Never has the world been in greater need of biological scientists. 

Graduates with a B.S in Biological Science from UVM are well prepared to begin careers in technical, teaching, and consulting roles in many fields, such as health care, environmental consulting, biomedical research, pharmaceutical industry, government, or conservation.  Many students choose to pursue advanced studies leading to M.S., Ph.D., M.D., or D.V.M. degrees and subsequent employment in academia, industry, governent agencies (e.g. USDA, USGS, USFS, US Department of Fish and Game), and the health sciences professions.

See where their B.S. degree in Biological Science has taken some of our recent graduates:

Stefanie Geiger '18

student in the lab

Stefanie works as a research scientist at Seattle Children’s Hospital Research Institute. Her days consist of working on various projects involving cell culture and lab meetings with her coworkers. While at UVM, she studied in the Honors College and participated in the Distinguished Undergraduate Research program in the College of Agriculture and Life Sciences. Stefanie did her research with Dr. Bryan Baliff, studying protein signaling. “What drew me to this position in particular is that since it was related to a hospital, we were doing science that is being used in clinical trials or improving clinical trials. There’s a pretty big connection in what we were doing and actually getting to patients,” she said. Stefanie’s strong network and personal connections helped her find a job in a field she was interested in.

Laurel Haines '17

student in front of research poster

Laurel is currently working as a research associate for the biotech company, Matrivax Research and Development in Boston, Massachusetts. During her undergraduate studies at UVM, Laurel spent plenty of time in lab settings. She used her network of university students and staff to learn about internship opportunities, which ultimately led to her her current position at Matrivax where she works on vaccines. “I am definitely excited and fulfilled by knowing that what I’m working on is on a path to move towards a clinical trial and could actually impact people’s lives. That’s the part I find most rewarding,” said Haines. Laurel hopes her vaccine research will soon move into clinical trials and be available for people around the world to prevent disease.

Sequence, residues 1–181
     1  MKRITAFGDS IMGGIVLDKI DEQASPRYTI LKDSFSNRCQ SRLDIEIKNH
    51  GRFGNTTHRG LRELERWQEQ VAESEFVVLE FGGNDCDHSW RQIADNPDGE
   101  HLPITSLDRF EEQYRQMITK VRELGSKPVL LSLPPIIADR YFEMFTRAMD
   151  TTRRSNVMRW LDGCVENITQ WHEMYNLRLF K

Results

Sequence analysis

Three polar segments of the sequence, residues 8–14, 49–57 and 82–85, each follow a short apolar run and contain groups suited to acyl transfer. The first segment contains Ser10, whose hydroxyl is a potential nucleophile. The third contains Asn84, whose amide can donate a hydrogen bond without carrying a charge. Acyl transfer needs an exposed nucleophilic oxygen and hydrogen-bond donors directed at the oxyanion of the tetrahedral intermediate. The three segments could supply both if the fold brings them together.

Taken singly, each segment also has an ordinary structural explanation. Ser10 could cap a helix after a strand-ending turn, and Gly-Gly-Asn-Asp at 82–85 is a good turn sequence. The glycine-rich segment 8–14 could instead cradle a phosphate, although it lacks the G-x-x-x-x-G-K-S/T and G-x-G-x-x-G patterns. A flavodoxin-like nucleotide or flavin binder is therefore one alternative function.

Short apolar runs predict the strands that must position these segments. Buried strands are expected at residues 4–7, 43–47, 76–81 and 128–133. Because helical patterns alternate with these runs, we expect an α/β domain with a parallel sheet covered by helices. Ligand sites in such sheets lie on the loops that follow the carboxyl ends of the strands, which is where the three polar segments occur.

Miriam Kasten '17

hiker with mountains in the background

Miriam is a medical assistant at Four Seasons Dermatology in Colchester, Vermont. She is responsible for gathering patient information, taking patients' vitals, and relaying the information to the patient’s provider. She also assists in biopsies and surgeries. “I find it very fulfilling when I feel that I have helped someone. We deal with a lot of skin cancers here and telling somebody they have a skin cancer can be difficult. Just taking time, being patient and making somebody feel comfortable is a really nice feeling,” she said. As an undergraduate at UVM, she was able to gain experience working in the lab and volunteering at the UVM Medical Center, where she has started a mentorship program working with incarcerated women at the women's prison in South Burlington, VT. Miriam is preparing to go to medical school and is interested in specializing in cardiology, ENT or women’s health.

Collin Kwasnik '15

dental student

Collin is a dental student at Stony Brook University Medical School in Long Island, New York. As a biological science major at UVM, he was drawn to medical field and decided to pursue dentistry as a way to help people and build long-term relationships with patients. As a third year dental student, Collin aspires to have his own dental practice where he can help relieve future patients of dental pain and help those unhappy with how their teeth look get to a point where they are proud to smile. Collin says his experience as a student in the College of Agriculture and Life Sciences helped him develop the communication skills he needs to build and maintain relationships with patients.

Campus - Williams building

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